Fulfilling a smart city vision is no small task. It goes far beyond a short term, tactical digitisation of public services that can be accessed online.
A smart city creates new interactions between city service providers and citizens in order to find new solutions to improve living conditions. A ‘one size fits all’ approach will not work. Every city has its own specific set of requirements, based on its history, topology, political system and cultural diversity.
What does work for all is taking a bottom-up approach, rather than top-down, as much of the process is incremental. It will likely be more successful to start with a single building or street and then make informed digital technology choices for infrastructure upgrades that provide a foundation for further expansion.
At the heart of it all, of course, is data. Every day we create 2.5 quintillion bytes of data and this will only accelerate as IoT technologies become even more sophisticated.
The sheer volume of data generated from always-on communications, IoT devices, sensors and actuators, video devices and social media is driving the need for platforms with massive storage capacity. As well as the demand for tools that can gather and analyse real-time data patterns and flows to draw out valuable meaning from the captured information.
If we are to have any hope of creating fully-integrated seamless smart cities, which benefit from connected communications networks and a wide variety of smart applications and data, we must understand how these technologies and solutions work together.
Open platforms, for example, are now becoming vitally important. Only by going beyond traditional storage architecture and moving away from the mainframe will businesses be able to scale and support future growth.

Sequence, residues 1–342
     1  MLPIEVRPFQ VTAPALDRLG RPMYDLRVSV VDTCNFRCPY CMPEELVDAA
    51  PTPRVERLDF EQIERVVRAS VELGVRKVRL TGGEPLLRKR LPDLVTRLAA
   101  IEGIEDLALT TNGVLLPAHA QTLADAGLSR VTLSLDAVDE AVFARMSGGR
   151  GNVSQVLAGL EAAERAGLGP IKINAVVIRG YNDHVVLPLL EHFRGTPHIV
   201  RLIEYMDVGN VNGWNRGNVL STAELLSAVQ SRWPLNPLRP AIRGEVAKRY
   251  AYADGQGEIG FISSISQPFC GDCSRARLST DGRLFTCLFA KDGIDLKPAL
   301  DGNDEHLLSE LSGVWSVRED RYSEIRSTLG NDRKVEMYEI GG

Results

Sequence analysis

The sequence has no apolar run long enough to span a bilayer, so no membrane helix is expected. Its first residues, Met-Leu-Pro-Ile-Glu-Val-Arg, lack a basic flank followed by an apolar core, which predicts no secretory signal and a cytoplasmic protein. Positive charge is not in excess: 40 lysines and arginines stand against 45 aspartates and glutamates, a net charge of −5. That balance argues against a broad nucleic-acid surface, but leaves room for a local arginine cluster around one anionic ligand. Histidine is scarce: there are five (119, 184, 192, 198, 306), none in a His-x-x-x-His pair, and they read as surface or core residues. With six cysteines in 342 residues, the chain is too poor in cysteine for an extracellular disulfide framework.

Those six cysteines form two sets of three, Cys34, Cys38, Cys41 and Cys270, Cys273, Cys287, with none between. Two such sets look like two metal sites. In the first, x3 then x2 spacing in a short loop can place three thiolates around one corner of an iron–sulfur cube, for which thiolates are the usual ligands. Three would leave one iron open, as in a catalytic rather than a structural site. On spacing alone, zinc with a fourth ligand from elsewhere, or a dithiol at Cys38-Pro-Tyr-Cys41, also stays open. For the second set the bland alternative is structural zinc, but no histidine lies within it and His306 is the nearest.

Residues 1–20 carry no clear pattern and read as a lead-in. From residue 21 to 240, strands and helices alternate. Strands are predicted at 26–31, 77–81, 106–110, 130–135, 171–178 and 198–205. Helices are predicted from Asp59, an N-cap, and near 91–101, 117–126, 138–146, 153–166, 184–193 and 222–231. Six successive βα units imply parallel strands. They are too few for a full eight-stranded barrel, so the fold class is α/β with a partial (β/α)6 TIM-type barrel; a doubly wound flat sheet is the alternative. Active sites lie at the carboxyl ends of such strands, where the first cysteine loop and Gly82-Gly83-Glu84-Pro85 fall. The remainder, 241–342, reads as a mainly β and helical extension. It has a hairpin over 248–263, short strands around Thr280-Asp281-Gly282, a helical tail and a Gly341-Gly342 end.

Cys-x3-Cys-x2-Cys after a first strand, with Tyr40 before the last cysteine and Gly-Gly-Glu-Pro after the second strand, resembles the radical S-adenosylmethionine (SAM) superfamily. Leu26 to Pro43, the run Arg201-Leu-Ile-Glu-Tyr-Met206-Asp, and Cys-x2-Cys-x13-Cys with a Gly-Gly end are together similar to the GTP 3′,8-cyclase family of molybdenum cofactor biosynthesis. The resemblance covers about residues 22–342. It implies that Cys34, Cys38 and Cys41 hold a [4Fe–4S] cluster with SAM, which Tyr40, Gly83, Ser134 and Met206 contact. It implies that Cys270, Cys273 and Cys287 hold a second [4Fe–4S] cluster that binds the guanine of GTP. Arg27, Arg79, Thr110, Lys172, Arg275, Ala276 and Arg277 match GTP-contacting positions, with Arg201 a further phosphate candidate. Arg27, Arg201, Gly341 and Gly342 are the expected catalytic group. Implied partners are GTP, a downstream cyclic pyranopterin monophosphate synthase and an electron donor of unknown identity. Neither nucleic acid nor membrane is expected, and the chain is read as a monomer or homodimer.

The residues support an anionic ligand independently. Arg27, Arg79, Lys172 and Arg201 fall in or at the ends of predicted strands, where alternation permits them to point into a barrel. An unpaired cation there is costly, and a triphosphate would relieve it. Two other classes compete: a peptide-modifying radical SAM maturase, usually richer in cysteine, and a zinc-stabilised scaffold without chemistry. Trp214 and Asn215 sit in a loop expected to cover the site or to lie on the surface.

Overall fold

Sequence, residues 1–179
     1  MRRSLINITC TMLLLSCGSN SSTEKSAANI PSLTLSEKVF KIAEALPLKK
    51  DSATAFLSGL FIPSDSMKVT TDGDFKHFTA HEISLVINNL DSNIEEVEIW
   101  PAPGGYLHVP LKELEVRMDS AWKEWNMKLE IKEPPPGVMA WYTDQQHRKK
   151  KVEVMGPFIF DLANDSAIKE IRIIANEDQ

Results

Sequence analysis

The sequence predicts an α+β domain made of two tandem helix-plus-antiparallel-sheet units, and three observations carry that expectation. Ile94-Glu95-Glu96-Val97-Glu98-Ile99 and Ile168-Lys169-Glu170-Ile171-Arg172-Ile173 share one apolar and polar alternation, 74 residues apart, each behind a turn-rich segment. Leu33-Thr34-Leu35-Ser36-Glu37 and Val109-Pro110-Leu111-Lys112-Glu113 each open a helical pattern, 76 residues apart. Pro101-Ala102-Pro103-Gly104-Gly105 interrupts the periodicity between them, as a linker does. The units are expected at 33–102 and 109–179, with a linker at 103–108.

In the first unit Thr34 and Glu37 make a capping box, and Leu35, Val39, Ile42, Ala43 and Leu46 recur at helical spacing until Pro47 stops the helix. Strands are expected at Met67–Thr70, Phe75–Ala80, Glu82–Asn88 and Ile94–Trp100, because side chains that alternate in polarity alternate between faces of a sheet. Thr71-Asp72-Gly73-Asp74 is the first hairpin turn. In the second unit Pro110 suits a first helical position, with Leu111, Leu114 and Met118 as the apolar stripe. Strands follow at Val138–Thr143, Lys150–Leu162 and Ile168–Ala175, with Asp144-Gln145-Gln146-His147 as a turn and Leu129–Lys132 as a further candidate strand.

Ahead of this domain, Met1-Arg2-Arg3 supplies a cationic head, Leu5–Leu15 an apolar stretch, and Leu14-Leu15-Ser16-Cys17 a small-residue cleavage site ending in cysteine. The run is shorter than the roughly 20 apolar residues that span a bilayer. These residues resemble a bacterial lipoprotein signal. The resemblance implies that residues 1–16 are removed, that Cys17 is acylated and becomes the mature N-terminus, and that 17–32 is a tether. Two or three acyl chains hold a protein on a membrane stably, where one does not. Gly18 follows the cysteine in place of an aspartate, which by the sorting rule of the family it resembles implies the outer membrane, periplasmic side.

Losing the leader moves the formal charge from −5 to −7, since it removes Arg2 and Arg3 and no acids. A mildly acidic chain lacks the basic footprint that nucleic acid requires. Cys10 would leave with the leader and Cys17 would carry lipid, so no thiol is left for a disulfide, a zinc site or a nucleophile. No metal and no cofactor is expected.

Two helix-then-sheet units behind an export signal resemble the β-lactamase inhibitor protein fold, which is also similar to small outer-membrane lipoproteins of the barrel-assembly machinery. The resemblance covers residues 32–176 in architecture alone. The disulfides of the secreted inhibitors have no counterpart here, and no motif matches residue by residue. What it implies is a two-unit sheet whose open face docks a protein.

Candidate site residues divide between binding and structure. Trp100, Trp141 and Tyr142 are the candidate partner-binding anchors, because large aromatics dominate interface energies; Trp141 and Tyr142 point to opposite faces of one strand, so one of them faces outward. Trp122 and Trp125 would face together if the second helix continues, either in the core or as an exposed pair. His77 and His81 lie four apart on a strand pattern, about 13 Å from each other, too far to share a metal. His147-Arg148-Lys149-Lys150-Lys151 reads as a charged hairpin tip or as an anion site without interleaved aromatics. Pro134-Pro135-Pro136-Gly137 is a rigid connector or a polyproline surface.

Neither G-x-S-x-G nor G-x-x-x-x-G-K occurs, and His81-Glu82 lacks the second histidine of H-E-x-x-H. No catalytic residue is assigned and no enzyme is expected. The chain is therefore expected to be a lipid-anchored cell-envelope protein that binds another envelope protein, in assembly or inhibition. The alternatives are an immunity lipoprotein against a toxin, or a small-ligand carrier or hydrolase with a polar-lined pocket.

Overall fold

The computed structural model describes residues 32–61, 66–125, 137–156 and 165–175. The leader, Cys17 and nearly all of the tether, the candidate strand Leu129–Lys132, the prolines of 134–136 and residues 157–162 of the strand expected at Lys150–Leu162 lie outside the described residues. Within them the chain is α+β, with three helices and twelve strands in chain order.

Data lakes are also eliminating disparate storage silos by consolidating data into a single shared repository, with access across multiple traditional and cloud-native applications. Data lakes can be extended from the core, to the edge, to the cloud for optimum scale-out, software-defined, and cloud-enabled architectures.
Connected systems’ vulnerability to hacking must also be addressed. Organisations and individuals will need robust approaches to protect against ransomware, APTs, DDOS attacks and insider threats.
For example, those at the cutting edge of IoT surveillance are now designing products with built-in security measures such as micro-segmentation (NSX-T), and have the ability to push over-the-air (OTA) updates and security patches in real-time to all surveillance devices – from camera to cloud.
Organisations well equipped to advise on how best to secure the entire connected infrastructure, from the physical equipment through to the data it records, will certainly be sought after.
Technology and data will completely reshape how our cities operate and appear. By taking an integrated, holistic approach to technology and data, and partnering with the right technology providers, organisations can effectively police and manage urbanisation, revolutionise mobility, minimise environmental impact, and most importantly, improve the quality of life for citizens of the future.
This opinion piece has been provided by Dermot O’Connell, VP and GM OEM and IOT Solutions EMEA, Dell EMC